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eSlate Voting System

About the eSlate Voting System

During early voting and on election day, Travis County voters cast their ballots using touch-button eSlate voting units. The eSlate is easy to use even if you have never touched a computer before. The voter uses a rotary wheel to move through the ballot and an ENTER button to mark his or her vote. Each early voting location provides an eSlate demo unit for voters who would like to practice before casting their ballot.

The eSlate allows voters to vote straight party and for certified write-in candidates. Voters can select their ballot in either English or Spanish and can use the headphones to hear the ballot read in either language. The eSlate provides total privacy for voters with disabilities, including those who are visually or mobility-impaired, and can accommodate breath control “sip and puff” devices.

By providing the eSlate system, Travis County Elections complies with the 2000 Help America Vote Act which calls for counties to provide a voting system that is “accessible for individuals with disabilities, including nonvisual accessibility for the blind and visually impaired, in a manner that provides the same opportunity for access and participation (including privacy and independence) as for other voters.”

In 1998, the Travis County Clerk convened a community-based study group to evaluate new voting systems. The entire Elections Study Group Report PDF is available on this web site. In 2001, following the recommendations of the Elections Study Group, Travis County Commissioners Court voted to adopt the eSlate voting system. During early voting in November 2002, Travis County voters had the first opportunity to cast their ballot on the eSlate units. During the following six elections, from May 2003 through May 2004, Travis County voters have cast their ballots both during early voting and on election day using the eSlate units.

In keeping with her policy of open, transparent elections, Travis County Clerk Dana DeBeauvoir convened a Citizens Oversight Committee during the November 2004 election period to offer observations, advice, and counsel to her on any matter that they believe could improve the elections process in Travis County.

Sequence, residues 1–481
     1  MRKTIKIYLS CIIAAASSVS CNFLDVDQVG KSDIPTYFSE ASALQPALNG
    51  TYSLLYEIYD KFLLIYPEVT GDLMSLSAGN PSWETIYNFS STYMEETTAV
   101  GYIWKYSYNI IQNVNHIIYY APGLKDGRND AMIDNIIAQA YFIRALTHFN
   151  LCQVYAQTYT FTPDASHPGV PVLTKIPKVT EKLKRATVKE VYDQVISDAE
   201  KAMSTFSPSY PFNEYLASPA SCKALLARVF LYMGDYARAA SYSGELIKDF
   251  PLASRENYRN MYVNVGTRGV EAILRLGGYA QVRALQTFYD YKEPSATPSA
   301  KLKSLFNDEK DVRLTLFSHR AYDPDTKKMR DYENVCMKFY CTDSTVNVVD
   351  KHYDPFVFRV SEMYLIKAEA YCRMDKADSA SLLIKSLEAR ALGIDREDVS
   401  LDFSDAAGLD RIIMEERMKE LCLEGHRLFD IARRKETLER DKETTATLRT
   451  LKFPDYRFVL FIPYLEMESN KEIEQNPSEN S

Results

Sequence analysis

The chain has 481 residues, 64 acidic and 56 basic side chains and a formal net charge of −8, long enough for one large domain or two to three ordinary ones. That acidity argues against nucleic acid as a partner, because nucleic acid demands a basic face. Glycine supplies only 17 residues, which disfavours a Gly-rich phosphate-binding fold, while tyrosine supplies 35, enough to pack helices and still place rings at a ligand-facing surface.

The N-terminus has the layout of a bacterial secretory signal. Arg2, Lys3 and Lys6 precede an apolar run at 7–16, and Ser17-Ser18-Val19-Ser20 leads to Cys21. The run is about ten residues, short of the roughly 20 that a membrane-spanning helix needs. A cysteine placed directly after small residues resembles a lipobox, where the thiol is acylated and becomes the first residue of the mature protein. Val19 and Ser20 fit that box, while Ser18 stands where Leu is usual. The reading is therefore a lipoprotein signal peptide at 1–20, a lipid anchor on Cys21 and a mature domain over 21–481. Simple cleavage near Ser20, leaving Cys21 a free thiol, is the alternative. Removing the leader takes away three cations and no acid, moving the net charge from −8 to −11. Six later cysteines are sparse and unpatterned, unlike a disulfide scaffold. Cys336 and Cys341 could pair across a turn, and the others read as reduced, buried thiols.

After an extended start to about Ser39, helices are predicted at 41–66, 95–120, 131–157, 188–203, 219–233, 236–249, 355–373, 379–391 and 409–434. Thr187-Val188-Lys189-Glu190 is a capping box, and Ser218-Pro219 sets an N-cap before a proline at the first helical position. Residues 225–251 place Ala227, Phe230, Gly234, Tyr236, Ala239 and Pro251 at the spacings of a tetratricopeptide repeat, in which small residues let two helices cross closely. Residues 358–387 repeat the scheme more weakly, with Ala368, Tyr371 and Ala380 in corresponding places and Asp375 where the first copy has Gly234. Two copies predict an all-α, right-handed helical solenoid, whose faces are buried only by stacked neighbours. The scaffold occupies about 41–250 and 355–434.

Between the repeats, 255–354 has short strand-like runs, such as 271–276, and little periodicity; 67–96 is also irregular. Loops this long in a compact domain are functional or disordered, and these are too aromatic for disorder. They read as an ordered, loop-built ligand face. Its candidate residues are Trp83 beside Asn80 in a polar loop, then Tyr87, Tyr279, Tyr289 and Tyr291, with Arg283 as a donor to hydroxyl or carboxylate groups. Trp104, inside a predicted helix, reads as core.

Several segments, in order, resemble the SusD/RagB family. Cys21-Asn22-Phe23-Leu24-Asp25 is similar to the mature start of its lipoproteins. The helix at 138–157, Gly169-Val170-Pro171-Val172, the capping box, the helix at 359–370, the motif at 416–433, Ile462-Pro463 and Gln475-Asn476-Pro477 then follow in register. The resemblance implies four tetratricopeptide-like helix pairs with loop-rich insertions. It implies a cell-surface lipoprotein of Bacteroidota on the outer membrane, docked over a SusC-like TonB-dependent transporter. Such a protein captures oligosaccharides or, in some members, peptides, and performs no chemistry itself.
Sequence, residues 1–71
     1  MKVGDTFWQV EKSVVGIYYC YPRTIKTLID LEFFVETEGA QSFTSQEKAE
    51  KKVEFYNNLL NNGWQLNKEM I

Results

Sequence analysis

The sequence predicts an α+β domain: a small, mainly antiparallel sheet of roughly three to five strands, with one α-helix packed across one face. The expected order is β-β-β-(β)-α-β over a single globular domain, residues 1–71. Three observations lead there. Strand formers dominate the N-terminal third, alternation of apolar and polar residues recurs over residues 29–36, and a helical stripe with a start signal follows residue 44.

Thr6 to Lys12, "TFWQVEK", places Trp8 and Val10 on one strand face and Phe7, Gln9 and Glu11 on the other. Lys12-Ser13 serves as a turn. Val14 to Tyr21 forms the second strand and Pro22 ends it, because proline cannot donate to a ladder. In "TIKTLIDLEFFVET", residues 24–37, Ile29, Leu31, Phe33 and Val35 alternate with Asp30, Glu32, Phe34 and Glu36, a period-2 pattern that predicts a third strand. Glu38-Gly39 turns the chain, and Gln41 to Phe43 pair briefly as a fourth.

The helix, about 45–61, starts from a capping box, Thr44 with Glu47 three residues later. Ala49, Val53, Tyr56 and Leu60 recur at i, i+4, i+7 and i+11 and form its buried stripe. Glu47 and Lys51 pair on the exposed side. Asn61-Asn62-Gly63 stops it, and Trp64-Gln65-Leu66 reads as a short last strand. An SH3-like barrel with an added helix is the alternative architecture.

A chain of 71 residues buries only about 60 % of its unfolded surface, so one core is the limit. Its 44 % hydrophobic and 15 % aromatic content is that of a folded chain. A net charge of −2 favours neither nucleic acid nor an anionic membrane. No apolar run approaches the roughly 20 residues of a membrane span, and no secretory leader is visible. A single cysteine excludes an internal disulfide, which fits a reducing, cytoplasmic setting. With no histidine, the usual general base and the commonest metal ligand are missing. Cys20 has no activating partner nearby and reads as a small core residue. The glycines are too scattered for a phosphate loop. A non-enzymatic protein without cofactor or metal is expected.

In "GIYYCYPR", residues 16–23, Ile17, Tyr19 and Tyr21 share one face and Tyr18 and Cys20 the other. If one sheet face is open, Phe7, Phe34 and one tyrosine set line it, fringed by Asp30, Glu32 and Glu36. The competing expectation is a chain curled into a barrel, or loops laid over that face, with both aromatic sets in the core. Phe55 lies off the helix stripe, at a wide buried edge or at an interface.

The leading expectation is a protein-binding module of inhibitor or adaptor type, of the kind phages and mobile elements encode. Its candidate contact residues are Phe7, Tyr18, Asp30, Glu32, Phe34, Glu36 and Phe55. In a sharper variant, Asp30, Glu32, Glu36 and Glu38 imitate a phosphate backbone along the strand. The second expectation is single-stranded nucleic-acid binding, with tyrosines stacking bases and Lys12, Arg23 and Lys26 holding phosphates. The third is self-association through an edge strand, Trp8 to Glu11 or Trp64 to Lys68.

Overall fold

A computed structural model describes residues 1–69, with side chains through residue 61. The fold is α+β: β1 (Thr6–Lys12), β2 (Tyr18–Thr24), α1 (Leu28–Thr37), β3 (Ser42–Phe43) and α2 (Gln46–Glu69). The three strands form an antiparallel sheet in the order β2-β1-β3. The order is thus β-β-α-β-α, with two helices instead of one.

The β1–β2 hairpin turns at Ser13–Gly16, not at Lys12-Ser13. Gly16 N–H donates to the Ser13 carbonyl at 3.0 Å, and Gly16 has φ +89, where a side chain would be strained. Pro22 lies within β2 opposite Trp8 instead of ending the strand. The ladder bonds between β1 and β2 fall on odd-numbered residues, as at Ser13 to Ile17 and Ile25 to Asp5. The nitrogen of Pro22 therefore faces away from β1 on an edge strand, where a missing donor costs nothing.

The eSlate system, produced by Austin-based Hart Intercivic, does not face the same issues that affect other systems. Some distinct features of the eSlate include:

  • Touch-button method not touch screen, therefore avoiding calibration errors,
  • No external communication pathways, it is not connected to the Internet or an intranet,
  • Utilizes triple redundancy of data storage,
  • Captures an image of each ballot cast so that electronic or manual recounts can be conducted.

The eSlate units are linked in the polling place to a Judge’s Booth Controller (JBC). The JBC issues a randomly generated access code so that the voter can access the proper ballot for their precinct on the eSlate. Votes are stored in the eSlate, in the JBC and on a flash card inside the JBC. After the close of polls, a stand-alone tabulation computer at the Central Counting Station reads the JBC card to tally returns. Before official final returns are reported, all data that resides on each eSlate and JBC is backed-up for long-term storage and comparisons of voter counts from these sources and the flash cards are matched for verification.

A range of security procedures are practiced to ensure that every vote cast in Travis County is accurately recorded and tallied. Some of Travis County’s security procedures include:

  • Manual logic and accuracy testing preformed publicly before Early Voting and Election Day,
  • Manual paper auditing of precinct level tally against the precinct results from tabulation,
  • Signature verification of daily Early Voting records and after Election Day, and
  • Ballot programming performed by Travis County, not sent to the vendor.

Please email concerns to [email protected] or write us at P.O. Box 149325, Austin, TX, 78714-93225.

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